Imperial is a system for the study of value-based strategies, institutions and companies. The goal of the system is to provide financial managers with the ability to make decisions with respect to the use of company resources, identifying opportunities, valuing investments and ultimately controlling the money and assets of the organization. Imperial aims to promote economic efficiency, market share, productivity, and globalization by developing an integrated global approach to financial services. This approach utilizes leading edge research, financial engineering and information technology skills to provide superior decision making tools. To know more details visit at Acquiry.
The aim of all Imperial policies is to enhance cash flow, market share, productivity, market value, market exposure and total profits for its underlying enterprises. Imperial’s acquisition methodology is focused on maximizing acquisition risk by maintaining a minimal risk retention. In order to achieve maximum returns from capital expenditures, Imperial establishes a number of hybrid models that take into account both long and short terms needs of the corporation. For every acquisition there is an assumption that the working capital of the enterprise will be sufficient to satisfy the expenses involved in acquiring the assets and that the net cash inflows will be sufficient to take care of capital payments. Any assumption that requires a forecast of future cash inflows should be treated as a tentative projection rather than an actual requirement, because the amount of cash inflows that a company can generate depends on assumptions about future cash disbursements.
Imperial Capital is committed to continuous improvement and enhancement of its operational and management practices to ensure that it meets the demands of its clients and delivers the services that are consistent with the needs of its clients. To this end Imperial implements a policy of control and strategic positioning that enables it to obtain the control necessary to accomplish the objectives of its strategy. This control is exercised through policies and procedures that maximize the value of the assets and funds of the enterprise while minimizing risks to the enterprise and maximizing the use of capital. Control involves discretionary management authority that is exercised at the discretion of the management team.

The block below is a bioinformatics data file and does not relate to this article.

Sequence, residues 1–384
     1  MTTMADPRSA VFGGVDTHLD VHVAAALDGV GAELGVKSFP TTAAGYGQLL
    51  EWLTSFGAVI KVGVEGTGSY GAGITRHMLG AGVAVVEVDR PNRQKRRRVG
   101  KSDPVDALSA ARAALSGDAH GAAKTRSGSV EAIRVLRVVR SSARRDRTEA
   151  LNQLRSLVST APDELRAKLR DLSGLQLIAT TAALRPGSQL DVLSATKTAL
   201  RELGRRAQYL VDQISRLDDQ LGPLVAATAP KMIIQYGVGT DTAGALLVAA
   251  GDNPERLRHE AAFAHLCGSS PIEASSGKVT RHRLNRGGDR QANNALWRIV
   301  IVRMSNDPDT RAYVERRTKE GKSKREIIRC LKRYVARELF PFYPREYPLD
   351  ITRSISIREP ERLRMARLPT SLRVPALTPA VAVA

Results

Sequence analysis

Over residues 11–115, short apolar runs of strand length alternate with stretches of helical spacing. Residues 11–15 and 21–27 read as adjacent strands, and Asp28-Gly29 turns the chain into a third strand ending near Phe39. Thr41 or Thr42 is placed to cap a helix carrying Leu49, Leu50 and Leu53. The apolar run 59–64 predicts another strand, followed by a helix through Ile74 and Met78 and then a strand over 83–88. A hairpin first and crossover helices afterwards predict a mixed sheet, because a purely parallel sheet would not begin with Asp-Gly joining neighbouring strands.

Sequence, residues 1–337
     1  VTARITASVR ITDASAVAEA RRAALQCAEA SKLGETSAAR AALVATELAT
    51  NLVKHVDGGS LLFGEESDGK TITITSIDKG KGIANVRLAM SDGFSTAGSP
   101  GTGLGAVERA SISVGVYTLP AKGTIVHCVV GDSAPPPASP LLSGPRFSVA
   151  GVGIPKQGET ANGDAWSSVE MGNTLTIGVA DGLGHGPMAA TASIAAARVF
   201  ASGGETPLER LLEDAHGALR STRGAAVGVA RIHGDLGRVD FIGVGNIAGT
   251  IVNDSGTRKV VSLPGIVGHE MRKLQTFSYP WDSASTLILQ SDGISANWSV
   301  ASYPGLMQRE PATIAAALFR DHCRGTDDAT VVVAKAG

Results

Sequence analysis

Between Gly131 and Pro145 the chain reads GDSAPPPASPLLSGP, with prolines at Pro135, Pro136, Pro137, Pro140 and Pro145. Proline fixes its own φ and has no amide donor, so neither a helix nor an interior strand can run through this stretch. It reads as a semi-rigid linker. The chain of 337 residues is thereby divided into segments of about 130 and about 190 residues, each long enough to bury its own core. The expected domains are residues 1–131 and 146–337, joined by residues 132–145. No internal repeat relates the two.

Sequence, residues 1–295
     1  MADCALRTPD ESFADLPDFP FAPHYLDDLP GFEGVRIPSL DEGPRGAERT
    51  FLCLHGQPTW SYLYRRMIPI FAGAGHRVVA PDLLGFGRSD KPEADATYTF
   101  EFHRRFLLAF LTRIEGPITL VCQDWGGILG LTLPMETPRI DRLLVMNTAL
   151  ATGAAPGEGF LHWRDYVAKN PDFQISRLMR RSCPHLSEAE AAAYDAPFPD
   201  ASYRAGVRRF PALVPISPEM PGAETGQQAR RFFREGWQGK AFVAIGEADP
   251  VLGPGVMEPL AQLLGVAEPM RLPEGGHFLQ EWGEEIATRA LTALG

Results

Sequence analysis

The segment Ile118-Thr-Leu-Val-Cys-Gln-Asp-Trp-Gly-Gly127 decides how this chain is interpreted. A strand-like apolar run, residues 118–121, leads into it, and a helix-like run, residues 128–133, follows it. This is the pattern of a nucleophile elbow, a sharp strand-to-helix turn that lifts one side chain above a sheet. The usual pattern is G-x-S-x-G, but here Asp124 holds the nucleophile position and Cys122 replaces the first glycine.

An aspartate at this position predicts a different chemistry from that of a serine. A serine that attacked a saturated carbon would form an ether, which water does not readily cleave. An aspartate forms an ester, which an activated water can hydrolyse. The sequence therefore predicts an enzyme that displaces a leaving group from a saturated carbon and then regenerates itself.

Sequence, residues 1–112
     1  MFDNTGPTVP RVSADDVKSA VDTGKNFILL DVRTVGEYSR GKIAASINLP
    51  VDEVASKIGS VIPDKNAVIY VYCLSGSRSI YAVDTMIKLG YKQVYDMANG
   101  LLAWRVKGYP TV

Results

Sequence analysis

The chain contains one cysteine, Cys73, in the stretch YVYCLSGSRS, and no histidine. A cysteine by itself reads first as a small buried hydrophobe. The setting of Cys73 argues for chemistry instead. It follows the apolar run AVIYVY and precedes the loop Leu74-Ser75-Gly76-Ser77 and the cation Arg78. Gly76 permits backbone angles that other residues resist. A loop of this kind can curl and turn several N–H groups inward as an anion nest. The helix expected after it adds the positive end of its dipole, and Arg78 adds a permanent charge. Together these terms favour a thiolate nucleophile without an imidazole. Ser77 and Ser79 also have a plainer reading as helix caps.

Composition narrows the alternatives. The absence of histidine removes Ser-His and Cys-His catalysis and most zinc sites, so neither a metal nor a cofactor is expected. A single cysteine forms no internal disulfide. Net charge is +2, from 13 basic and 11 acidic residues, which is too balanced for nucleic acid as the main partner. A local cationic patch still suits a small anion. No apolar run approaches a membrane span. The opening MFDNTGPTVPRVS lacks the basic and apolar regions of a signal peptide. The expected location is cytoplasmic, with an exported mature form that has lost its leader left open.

Strategic positioning is a discipline that integrates the acquired and retained capital into the operations and growth plans of the company. The principle is that the more capital (consolidated or unconsolidated) a firm has the more profitable it will be. Strategic positioning enables Imperial to acquire and manage enterprises that have high capital values, strong balance sheets, and strong operating histories. These enterprises then become the basis for acquisitions and other activities that further increase the value of the Imperial company and the acquired company’s value.
Imperial is committed to maintaining the independence and control of its financing decisions and long-term investment philosophy. This independence extends to the investment practices of Imperial, its relationships with its customers, suppliers, and the companies in which it acquires and maintains positions. The philosophy of control upholds the right of the Board of Imperial Generalities to change investment objectives, which involve debt and equity acquisitions, without having first entered into negotiations with the principal holders of the debt or equity. The Board has the authority, however, to approve debt and equity acquisitions only after it has taken into account, among other things, the effect on the performance of the company and the effects on ownership (dividend) equity. In addition, Imperial has no policy requiring that any of its acquirers comply with paragraphs 5 and 6 of the SOX on sales of products within the foreign country.
Imperial focuses on three main components when it comes to acquisition activity: working capital management, transactional management, and asset management. Its investment philosophy is based on a strong emphasis on working capital management. The strategies that Imperial uses in working capital management include short-term financing, ensuring the payment of invoices promptly and accurately, maintaining a healthy collection and repayment history of accounts receivable and accounts payable, and developing policies for the collection and disposition of surplus cash. The Imperial company also develops policies for the safe and timely handling of payments and investments by its acquired businesses. For example, the company’s policy requires that all purchase orders involving $100 or more in cash to be processed through the direct deposit of the appropriate bank. To facilitate management of its acquired businesses, Imperial provides funding, equity, and related services to the various acquired businesses.